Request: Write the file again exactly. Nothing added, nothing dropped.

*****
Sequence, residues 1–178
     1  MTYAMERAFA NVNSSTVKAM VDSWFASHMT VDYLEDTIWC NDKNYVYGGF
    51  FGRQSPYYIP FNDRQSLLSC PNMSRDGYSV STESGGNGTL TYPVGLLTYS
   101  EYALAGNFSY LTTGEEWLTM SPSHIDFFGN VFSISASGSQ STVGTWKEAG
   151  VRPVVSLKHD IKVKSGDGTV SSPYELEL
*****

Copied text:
Sequence, residues 1–178
     1  MTYAMERAFA NVNSSTVKAM VDSWFASHMT VDYLEDTIWC NDKNYVYGGF
    51  FGRQSPYYIP FNDRQSLLSC PNMSRDGYSV STESGGNGTL TYPVGLLTYS
   101  EYALAGNFSY LTTGEEWLTM SPSHIDFFGN VFSISASGSQ STVGTWKEAG
   151  VRPVVSLKHD IKVKSGDGTV SSPYELEL